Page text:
How the American government slowly became a business | Jon Michaels

1 month, 22 days ago

Ronald Reagan didnt, and couldnt, kill the nanny state. But he did replace it with a commercial upstart a nanny firm, as it were

In the 1980 s, the end seemed nigh for supporters of the US welfare state. The pitchforks were out in force. Pundits, legislators, and newly politicized business and religious leaders joined Ronald Reagan in railing against the American version of what Margaret Thatcher derisively called the nanny state. But a funny thing happened on the way to the gallows. The mob get cold feet.

The torch and pitchfork crowd realise they actually, really liked government programs- at the least the ones that benefited them immediately. They liked their pensions, taxation credits, healthcare, subsidies, licenses, and housing and education loans. They liked their clean air and water. They liked their safe workplaces. And they liked the fact that they could trust the food, medications, consumer products, and financial services and instruments they purchased. What they truly detested, they decided, was the government itself- its people, its procedures, and its institutional and organizational architecture.

And so, over the past 30 -odd years, elected officials across the political spectrum have acted accordingly, simultaneously pandering and deceiving the American populace by disassociating government goods and services from the governmental forces, at least as it has been traditionally conceived and staffed. Though these efforts have been framed, quite pointedly, in terms of lessening the size, reach, and power of government, what’s really happening is that the government is being transformed.

There is no denying that the country today is bigger and more potent than ever before. It just happens to look most varied- a consequence of it being privatized, marketized, and generally reconfigured along decidedly businesslike lines. In short, Reagan didn’t, and couldn’t, kill the nanny nation. But he did replace our old familiar nanny with a commercial upstart- a nanny firm, as it were.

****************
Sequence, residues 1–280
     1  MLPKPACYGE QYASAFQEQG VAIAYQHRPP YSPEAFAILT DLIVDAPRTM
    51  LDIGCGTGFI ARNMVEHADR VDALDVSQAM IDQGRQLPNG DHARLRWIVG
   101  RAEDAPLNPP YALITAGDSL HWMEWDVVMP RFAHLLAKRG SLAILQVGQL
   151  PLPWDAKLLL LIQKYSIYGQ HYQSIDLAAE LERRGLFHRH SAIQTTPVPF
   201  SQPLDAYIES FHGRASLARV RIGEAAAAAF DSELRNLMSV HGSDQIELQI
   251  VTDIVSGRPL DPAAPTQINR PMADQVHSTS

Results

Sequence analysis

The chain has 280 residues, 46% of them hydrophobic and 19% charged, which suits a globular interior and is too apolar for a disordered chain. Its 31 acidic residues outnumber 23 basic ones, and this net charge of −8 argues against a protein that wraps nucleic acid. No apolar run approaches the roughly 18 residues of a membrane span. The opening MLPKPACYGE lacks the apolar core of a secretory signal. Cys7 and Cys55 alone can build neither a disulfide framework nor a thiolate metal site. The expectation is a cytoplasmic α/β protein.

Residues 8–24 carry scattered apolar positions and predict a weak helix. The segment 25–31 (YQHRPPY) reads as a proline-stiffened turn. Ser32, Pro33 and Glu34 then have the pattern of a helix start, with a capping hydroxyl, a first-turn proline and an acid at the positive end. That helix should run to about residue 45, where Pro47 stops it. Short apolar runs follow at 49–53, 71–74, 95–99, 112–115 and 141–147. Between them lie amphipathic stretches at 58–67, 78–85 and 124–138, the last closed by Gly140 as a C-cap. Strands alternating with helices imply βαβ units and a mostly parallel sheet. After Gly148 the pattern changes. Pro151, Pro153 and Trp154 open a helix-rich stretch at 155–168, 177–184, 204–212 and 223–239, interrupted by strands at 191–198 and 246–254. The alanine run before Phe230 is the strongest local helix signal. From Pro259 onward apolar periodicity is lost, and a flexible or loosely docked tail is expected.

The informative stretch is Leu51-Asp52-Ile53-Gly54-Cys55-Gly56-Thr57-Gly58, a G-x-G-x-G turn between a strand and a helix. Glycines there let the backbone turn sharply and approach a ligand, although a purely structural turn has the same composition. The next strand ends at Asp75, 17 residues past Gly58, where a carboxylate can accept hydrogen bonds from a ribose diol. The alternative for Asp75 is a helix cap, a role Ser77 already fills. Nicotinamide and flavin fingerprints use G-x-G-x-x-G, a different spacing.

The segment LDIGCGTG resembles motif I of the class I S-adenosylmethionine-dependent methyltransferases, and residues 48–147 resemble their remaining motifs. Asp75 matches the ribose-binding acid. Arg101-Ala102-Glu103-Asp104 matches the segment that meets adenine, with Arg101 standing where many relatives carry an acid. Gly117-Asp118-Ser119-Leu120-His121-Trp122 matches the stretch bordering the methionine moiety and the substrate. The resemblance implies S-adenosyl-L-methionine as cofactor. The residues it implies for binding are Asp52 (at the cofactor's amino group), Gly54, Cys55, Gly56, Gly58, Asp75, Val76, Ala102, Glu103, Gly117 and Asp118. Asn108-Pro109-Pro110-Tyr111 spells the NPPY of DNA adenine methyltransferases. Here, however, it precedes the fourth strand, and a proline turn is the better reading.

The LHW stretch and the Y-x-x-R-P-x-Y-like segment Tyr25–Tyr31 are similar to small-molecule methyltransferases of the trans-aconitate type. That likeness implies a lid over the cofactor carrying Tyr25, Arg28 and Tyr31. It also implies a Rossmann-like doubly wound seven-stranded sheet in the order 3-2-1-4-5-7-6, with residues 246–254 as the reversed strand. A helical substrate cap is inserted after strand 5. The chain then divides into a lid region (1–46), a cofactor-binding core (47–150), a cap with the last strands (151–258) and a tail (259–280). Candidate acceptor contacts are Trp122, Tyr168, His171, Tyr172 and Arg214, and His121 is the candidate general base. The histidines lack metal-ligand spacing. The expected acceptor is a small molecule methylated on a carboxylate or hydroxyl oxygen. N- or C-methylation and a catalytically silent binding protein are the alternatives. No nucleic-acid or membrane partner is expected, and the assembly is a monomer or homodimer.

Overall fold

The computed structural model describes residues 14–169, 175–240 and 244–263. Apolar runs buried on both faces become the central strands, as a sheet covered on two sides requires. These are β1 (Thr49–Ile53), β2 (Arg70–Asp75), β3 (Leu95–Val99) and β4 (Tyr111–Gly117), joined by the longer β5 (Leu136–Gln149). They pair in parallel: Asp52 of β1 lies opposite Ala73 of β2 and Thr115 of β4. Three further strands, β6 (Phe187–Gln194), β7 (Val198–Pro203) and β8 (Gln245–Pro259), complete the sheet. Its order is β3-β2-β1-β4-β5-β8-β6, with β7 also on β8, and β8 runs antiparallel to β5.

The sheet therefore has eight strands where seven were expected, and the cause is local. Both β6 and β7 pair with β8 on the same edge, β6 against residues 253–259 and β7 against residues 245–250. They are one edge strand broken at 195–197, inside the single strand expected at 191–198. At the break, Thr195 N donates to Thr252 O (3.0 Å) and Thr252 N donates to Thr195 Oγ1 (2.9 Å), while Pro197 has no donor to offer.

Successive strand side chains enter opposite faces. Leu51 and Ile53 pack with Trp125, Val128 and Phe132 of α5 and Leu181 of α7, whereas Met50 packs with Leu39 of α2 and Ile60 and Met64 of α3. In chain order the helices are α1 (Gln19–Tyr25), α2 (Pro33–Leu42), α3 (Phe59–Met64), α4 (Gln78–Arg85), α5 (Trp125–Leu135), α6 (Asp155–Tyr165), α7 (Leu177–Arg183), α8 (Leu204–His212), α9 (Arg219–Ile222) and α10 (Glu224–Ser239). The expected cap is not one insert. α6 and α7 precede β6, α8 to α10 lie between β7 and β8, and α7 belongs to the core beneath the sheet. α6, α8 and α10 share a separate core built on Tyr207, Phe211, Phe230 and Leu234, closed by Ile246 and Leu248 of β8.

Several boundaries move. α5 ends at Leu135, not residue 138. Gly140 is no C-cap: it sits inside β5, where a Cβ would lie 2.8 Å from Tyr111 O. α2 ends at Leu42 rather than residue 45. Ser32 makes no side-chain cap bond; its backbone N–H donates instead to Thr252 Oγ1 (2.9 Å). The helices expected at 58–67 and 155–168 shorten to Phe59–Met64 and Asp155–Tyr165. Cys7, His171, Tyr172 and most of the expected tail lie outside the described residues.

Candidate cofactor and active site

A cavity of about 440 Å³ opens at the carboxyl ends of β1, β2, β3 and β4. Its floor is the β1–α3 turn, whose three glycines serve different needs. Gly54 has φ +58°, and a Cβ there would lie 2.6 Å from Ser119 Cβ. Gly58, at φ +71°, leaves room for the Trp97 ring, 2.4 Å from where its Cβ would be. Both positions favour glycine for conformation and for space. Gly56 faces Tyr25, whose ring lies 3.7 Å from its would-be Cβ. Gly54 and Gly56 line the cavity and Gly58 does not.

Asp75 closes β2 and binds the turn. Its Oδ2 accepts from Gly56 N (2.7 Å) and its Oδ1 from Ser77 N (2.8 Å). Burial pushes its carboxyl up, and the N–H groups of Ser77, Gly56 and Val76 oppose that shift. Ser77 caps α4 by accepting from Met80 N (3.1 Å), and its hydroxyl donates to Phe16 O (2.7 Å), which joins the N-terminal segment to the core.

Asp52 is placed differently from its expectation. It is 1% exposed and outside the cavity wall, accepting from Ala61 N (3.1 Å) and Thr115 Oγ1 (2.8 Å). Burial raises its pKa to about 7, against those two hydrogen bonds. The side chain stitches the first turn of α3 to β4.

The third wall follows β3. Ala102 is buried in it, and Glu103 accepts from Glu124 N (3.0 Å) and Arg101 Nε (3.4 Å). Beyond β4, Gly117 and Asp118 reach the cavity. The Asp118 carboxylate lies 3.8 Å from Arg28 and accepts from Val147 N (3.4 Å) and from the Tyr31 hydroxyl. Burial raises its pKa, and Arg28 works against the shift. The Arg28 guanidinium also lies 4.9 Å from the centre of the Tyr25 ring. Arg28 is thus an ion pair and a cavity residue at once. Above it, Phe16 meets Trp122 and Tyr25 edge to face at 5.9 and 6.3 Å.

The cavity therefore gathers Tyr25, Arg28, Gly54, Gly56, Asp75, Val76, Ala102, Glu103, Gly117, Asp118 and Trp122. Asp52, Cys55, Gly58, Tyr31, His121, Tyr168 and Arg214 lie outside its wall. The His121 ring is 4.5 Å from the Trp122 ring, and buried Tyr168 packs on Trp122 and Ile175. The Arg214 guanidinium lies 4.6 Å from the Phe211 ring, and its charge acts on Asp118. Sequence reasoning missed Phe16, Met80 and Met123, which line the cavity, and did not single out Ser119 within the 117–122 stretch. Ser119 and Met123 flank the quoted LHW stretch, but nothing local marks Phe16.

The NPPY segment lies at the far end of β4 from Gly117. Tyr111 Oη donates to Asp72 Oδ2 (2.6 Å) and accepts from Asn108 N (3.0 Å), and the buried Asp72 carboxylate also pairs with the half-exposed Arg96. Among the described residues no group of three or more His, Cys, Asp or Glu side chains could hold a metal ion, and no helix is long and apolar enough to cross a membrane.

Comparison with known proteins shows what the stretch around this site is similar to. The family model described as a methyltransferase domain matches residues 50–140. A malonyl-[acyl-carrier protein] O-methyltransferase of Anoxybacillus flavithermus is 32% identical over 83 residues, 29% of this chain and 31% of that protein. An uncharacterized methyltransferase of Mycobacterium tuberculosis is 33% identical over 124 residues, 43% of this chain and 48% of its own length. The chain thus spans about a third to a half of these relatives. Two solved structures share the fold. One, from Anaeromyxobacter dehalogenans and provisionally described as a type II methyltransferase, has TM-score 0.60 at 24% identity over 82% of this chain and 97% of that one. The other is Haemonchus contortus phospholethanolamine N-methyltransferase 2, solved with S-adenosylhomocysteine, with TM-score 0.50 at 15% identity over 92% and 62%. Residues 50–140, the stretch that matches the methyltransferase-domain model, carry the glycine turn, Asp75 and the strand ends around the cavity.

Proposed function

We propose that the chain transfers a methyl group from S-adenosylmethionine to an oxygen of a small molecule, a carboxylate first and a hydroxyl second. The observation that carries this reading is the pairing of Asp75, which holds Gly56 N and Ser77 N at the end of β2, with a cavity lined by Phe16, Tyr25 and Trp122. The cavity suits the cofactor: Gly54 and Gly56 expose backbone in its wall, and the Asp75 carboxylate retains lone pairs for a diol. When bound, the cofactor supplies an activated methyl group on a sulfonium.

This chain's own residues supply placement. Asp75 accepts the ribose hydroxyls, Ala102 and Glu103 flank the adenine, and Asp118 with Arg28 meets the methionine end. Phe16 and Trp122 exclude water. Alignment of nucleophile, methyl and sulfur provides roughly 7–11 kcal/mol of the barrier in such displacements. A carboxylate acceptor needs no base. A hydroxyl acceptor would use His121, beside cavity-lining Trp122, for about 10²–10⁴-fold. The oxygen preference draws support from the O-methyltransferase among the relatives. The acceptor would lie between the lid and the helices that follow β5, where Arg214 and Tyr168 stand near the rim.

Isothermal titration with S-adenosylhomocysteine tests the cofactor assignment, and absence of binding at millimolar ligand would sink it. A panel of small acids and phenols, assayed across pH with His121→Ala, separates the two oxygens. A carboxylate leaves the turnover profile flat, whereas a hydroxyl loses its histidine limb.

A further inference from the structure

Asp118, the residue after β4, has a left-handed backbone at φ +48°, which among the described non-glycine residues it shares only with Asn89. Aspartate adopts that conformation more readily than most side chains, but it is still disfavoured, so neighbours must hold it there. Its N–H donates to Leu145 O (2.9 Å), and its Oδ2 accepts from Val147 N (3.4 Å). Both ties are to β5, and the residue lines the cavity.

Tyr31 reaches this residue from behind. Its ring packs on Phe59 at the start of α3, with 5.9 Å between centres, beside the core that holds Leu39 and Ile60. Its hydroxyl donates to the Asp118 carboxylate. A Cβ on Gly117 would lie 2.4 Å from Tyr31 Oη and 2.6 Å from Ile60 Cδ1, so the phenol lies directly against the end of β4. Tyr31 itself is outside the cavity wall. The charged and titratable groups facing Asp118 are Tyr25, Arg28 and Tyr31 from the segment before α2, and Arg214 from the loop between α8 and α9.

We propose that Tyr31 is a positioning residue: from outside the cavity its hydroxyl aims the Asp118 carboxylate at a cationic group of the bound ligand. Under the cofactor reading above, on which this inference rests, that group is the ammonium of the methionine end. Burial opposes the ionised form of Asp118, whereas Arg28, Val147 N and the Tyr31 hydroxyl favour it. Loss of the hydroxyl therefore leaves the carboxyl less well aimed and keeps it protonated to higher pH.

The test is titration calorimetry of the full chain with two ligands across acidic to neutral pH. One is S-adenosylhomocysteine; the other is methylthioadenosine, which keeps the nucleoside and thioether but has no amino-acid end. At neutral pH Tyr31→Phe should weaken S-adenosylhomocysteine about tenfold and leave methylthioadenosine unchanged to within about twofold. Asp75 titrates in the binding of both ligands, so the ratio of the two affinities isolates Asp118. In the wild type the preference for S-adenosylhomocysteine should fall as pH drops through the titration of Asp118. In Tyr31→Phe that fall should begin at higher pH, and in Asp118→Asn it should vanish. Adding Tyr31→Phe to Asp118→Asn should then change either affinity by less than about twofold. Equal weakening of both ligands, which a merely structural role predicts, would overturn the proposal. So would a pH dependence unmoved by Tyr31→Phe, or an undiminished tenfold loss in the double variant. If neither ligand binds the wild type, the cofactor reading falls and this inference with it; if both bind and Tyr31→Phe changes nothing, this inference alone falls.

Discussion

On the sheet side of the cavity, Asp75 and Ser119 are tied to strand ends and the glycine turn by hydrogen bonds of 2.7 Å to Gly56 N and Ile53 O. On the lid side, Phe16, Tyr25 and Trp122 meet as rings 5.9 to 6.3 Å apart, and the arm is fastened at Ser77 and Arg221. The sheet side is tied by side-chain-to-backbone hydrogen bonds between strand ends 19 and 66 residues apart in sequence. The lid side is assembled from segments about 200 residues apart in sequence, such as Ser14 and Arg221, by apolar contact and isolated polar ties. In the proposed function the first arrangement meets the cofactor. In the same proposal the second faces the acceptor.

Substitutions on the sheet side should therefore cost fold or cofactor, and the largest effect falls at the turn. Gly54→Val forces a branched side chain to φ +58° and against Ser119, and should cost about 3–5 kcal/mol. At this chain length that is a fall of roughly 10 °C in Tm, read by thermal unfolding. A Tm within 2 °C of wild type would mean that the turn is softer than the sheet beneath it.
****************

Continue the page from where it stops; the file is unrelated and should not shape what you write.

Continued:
Consider just some of the ways the privatized, businesslike state comports itself today.

Private contractors now number in the millions. These contractors have taken leading roles in fighting our wars in Afghanistan and Iraq. They operate prisons and immigration detention facilities. They facilitate domestic monitoring and counterterrorism operations. They draft major rules, shape energy, transportation, health care and environmental policy and render public benefits decisions. In addition, they also collect taxes and monitor and enforce regulatory compliance across the vast administrative expanse.

The stated justification for such privatization is, very often, that contractors are more efficient than their government equivalents- driven, we’re told, by market competition to provide higher-quality and lower-cost services.

At the same time, government agencies are privatizing from within, radically overhauling their in-house employment practises to better match what we generally find in the private sector. Among other things, hundreds of thousands of tenured civil servants have been reclassified as at-will employees, subject to summary termination just as they would be unless they are working for McDonald’s.

The Trump administration is pushing further still, promising to strip the rest of the career federal workforce of its legal protections. The stated justification for this overhaul- this marketization of the bureaucracy- is substantially the same: to make government workers internalize the pressures, demands, and incentives of the competitive private labor market.